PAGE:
Cloud computing can make businesses more green and cost efficient. Cloud computing means that instead of running software applications on your computer, you run the apps in the "clouds" in cyberspace, in other words through the Internet. All your programs and files are stored on an outsourced computer network residing on remote servers. WallStreetNewsNetwork.com has updated a downloadable Excel database of over 20 different publicly traded companies with some connection to cloud computing.
Do you use Yahoo (NASDAQ:YHOO) mail or Google's (NASDAQ:GOOG) gmail? Then in a small way, you are using cloud computing. In other words, you don't have an email server in your home or office, you're taking advantage of the cloud offered by Yahoo or Google. As a matter of fact, many companies, organizations, and universities have turned their email system over to gmail. If you have ever used Google Docs or Google Calendar, you have experienced another example of cloud computing.
Here are a dozen of the economic and green advantages of clouds:
1. Server equipment cost reduction due to elimination of the necessity of on-site servers.
2. Staffing cost savings, since there is little or no need for on-site network administration.
3. Potential for lower software licensing costs.
4. Elimination of server maintenance costs.
5. Small initial upfront investment.
6. Built-in computer disaster recovery services & back-up sites.
7. Reduction in client station costs. In other words, no need to buy new computers for staff as long as existing computers can connect to the Internet.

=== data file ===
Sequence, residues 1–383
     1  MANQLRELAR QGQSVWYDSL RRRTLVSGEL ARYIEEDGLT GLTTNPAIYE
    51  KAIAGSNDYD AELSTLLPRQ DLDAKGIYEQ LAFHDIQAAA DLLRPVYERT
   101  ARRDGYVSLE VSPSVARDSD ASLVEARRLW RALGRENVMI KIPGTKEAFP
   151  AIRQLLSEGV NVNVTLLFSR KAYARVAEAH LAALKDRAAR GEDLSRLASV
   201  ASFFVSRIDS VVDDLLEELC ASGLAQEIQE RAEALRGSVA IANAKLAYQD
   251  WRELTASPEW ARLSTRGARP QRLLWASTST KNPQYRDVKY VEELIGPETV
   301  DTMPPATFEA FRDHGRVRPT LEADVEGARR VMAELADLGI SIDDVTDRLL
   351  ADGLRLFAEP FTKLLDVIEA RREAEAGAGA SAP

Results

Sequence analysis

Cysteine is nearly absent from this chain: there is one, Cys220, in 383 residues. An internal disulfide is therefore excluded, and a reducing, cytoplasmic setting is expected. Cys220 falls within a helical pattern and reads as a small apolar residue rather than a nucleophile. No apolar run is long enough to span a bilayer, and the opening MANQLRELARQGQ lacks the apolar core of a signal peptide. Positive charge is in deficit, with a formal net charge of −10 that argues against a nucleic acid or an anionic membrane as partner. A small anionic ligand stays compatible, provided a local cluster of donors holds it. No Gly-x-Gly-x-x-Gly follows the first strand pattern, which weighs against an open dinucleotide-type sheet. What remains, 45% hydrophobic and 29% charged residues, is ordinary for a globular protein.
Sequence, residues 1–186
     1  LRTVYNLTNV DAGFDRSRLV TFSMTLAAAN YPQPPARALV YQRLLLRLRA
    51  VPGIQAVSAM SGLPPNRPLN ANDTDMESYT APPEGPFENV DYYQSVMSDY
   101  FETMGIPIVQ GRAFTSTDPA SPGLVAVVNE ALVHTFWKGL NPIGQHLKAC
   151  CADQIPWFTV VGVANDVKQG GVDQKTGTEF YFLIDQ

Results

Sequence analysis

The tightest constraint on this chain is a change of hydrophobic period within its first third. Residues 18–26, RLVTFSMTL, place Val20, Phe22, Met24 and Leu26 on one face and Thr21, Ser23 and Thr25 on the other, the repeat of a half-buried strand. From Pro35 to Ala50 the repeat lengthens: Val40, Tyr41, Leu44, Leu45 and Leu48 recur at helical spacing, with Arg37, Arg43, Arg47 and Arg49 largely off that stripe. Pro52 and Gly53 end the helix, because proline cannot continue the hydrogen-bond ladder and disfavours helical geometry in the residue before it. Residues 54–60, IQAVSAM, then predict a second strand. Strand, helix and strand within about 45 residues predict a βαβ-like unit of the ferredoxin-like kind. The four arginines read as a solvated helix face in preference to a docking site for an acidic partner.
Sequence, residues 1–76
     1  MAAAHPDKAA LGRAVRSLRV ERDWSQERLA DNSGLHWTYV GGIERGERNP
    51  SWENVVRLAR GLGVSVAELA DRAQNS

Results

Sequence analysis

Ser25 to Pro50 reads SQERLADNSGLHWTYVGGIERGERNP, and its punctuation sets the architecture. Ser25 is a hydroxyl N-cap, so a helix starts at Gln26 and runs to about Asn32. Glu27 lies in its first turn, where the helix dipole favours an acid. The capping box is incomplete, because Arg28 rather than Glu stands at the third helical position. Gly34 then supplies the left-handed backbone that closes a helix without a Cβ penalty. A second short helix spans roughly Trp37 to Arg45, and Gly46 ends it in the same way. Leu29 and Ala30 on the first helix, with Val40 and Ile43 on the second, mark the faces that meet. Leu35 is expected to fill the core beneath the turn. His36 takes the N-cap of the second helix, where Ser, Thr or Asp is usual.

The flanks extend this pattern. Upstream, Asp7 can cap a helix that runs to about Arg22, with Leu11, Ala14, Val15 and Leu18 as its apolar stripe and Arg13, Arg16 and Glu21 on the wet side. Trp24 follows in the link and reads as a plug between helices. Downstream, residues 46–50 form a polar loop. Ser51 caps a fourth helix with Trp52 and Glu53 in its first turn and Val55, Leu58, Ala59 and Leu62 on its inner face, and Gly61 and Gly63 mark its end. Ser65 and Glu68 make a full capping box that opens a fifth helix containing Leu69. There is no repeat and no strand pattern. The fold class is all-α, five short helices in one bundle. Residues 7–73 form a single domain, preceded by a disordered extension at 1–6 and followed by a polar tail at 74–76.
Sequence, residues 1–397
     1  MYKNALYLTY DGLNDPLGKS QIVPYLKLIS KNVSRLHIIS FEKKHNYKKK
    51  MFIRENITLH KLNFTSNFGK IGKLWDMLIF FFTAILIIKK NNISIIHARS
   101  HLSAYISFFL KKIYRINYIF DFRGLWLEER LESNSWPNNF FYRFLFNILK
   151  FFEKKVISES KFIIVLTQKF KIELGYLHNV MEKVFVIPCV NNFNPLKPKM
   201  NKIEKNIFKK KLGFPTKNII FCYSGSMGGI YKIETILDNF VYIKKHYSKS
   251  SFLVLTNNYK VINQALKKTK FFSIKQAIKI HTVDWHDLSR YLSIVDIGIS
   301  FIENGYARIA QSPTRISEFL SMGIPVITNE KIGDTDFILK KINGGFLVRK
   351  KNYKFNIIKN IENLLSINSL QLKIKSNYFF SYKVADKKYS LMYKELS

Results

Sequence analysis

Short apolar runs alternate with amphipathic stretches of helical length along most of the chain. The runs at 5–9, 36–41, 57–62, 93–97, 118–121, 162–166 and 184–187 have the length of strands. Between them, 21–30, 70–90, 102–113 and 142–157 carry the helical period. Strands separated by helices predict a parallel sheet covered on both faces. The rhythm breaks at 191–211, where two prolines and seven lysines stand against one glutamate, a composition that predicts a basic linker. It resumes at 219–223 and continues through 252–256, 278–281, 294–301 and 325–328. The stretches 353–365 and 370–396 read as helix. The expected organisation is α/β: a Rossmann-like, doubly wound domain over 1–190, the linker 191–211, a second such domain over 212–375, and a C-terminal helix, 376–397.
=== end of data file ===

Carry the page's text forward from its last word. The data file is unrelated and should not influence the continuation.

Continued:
8. If additional staff computers need to be purchased, they can be cheap 'dumb' terminals.
9. Clouds provide scalability; can easily grow as the company grows.
10. The ease of the sharing of resources.
11. Services can be automated.
12. Speed of access of data.
As for disadvantages, the one major concern is security of the data. So it is a matter of which is more trustworthy, your own company or a company that specialized in data security. Another option is the utilization of cloud computing within a large corporation. Everything stays 'in-house'.
One major company in this currently narrow industry is Salesforce.com (NYSE:CRM), a provider of customer-relationship management services. They have been promoting 'the end of software'. Salesforce doesn't just market to the small and medium size-companies, they have major users of their services, including Corporate Express division of Staples (NASDAQ:SPLS), Daiwa Securities (OTC:DSECY), Expedia (NASDAQ:EXPE), Dow Jones Newswires subsidiary of News Corp. (NWS.A), SunTrust Banks (NYSE:STI), and Kaiser Permanente. Salesforce has a very high P/E ratio of 141, debt amounting to about $467 million, with over $951 million in cash.
VMware (NYSE:VMW) is another major cloud and virtualization player. It also has a lofty P/E ratio, at 125. The company has $450 million in cash with $2.76 billion in cash.
To access a free Excel spreadsheet database of over 20 companies which are involved in cloud computing that can be sorted, added to, and changed, go to wsnn.com.
Disclosure: Author owns YHOO.